K. The applicant shall submit declarations, disclosures, covenants and waivers as required by ECDC 19.10.040. [Ord. 3926 § 1 (Exh. A), 2013; Ord. 3651 § 1, 2007].

19.10.040 Site posting notice, disclosures, declarations, covenants and waivers.

A. Notices of permit submittal application with the city shall be posted pursuant to ECDC 20.03.002. Such notices shall be conspicuously posted and maintained at each street frontage. Notice of permit issuance or denial shall be conspicuously posted as required above. Upon each posting a 10-day appeal period shall commence. Appeals shall be to the Snohomish County superior court in accordance with the Land Use Petition Act, and no other appeal shall be permitted.

B. At permit application submittal, the applicant shall submit a written declaration with the permit application that includes the statement that the accuracy of all information is warranted by the owner/applicant in a form which relieves the city and its staff from any liability associated with reliance on such submittals.

The declaration shall also state that the owner/applicant understands and accepts the risk of developing in an area with potential unstable soils and that the owner/applicant will advise in writing any prospective purchasers of the site, or any prospective purchasers or residential lessees of structures or portions of a structure on the site, of the slide potential of the area.

The owner/applicant shall also acknowledge that he, she or they understand and accept the need for future monitoring and maintenance of the property as described in the final geotechnical report when future monitoring and maintenance may affect slope stability over time. While an application may reference the reports of prior public consultants to the city, all conclusions shall be those of the owner/applicant and his or her professionals.

C. The plan set submittal shall include a disclosure letter from the geotechnical engineer and civil engineer who prepared the geotechnical report and civil plans, stating that in his or her judgment the plans and specifications submitted for the project conform to the recommendations in the geotechnical report, and that the risk of damage to the proposed development, or to adjacent properties, from soil instability will be minimized subject to the conditions set forth in the report, and the proposed development will not increase the potential for soil movement.

“Minimized” shall mean that the applicant has utilized best available science and commonly accepted engineering and architectural practice to minimize, to the extent possible, the risks associated with development of the property.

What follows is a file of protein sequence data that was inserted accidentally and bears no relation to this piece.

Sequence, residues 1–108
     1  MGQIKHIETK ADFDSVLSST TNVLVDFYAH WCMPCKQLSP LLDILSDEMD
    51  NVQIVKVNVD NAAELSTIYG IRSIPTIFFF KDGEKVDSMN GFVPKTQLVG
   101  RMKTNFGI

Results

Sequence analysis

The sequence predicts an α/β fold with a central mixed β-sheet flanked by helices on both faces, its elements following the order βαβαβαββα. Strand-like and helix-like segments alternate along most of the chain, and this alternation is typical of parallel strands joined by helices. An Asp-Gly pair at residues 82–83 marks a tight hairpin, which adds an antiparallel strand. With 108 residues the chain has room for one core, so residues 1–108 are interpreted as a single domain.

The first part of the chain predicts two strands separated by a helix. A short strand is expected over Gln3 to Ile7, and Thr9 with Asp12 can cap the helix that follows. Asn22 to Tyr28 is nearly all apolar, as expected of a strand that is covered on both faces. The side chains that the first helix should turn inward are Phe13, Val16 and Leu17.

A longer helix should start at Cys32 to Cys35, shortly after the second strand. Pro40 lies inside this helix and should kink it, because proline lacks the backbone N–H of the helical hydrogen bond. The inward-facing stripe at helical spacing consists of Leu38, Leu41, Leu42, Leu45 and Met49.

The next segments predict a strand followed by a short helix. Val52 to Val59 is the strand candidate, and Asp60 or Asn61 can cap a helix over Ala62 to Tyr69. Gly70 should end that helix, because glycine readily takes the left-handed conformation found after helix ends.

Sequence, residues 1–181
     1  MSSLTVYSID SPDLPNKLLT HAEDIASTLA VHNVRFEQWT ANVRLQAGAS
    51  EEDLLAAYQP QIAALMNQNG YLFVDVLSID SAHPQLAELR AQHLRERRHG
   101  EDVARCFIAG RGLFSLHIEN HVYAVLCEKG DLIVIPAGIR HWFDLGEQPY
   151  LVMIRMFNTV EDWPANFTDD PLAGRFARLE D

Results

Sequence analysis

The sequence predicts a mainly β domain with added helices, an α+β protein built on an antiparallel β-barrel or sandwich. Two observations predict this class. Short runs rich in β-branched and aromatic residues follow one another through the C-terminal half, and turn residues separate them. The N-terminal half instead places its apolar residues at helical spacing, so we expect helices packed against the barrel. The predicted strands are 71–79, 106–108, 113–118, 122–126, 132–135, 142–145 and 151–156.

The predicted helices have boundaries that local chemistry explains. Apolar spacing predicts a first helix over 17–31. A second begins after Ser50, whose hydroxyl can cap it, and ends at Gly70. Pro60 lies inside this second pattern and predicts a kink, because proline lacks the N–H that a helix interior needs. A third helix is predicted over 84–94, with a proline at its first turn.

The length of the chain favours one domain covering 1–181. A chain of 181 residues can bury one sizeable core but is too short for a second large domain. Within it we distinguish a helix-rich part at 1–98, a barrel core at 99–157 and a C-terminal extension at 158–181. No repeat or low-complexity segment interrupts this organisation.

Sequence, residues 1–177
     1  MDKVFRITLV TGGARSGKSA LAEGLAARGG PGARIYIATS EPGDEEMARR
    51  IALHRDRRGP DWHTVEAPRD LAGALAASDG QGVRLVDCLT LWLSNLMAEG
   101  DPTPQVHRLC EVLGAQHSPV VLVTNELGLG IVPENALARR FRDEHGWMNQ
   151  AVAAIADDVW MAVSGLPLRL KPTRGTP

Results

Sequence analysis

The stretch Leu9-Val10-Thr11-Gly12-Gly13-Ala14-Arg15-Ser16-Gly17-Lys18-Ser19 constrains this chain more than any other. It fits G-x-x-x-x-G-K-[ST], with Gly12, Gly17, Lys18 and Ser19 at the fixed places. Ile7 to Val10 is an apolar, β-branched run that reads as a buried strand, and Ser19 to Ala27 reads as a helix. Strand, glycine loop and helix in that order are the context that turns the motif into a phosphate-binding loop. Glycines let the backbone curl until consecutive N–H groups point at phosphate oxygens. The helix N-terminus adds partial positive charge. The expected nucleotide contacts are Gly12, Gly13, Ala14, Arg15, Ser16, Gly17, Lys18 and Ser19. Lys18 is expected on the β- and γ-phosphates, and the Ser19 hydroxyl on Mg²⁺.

The geotechnical engineer shall review the erosion and sediment control plan and provide a statement about the adequacy of the plan with respect to site conditions and report findings. The geotechnical engineer’s statement shall also include an identification of landslide hazards applicable to the site, the on-site measures taken to correct or reduce the hazards, as applicable, and measures taken to mitigate potential impacts from the remaining hazards.

For sites where the hazards are not mitigated or where the risks from deep-seated or large-scale earth movement cannot be practically reduced by individual lot owners, the geotechnical engineer shall prepare a statement identifying what design measures will be taken to mitigate the risk to structures, adjacent properties, and inhabitants in the event of deep-seated or large-scale movement. The statement shall specify any risks from earth movement that are not fully mitigated by design measures and render an opinion as to whether the site will be stable within the meaning of this chapter following installation of all proposed improvements. The statement will clarify to current and future owners what measures were installed to reduce risks and what hazards could not be addressed by individual lot development.

D. Further recommendations signed and sealed by the geotechnical engineer shall be provided should there be additions or exceptions to the original recommendations based on the plans, site conditions or other supporting data. If the geotechnical engineer who reviews the plans and specifications is not the same engineer who prepared the geotechnical report, the new engineer shall, in a letter to the director accompanying the plans and specifications, express agreement or disagreement with the recommendations in the geotechnical report and state that the revised plans and specifications conform to the new recommendations.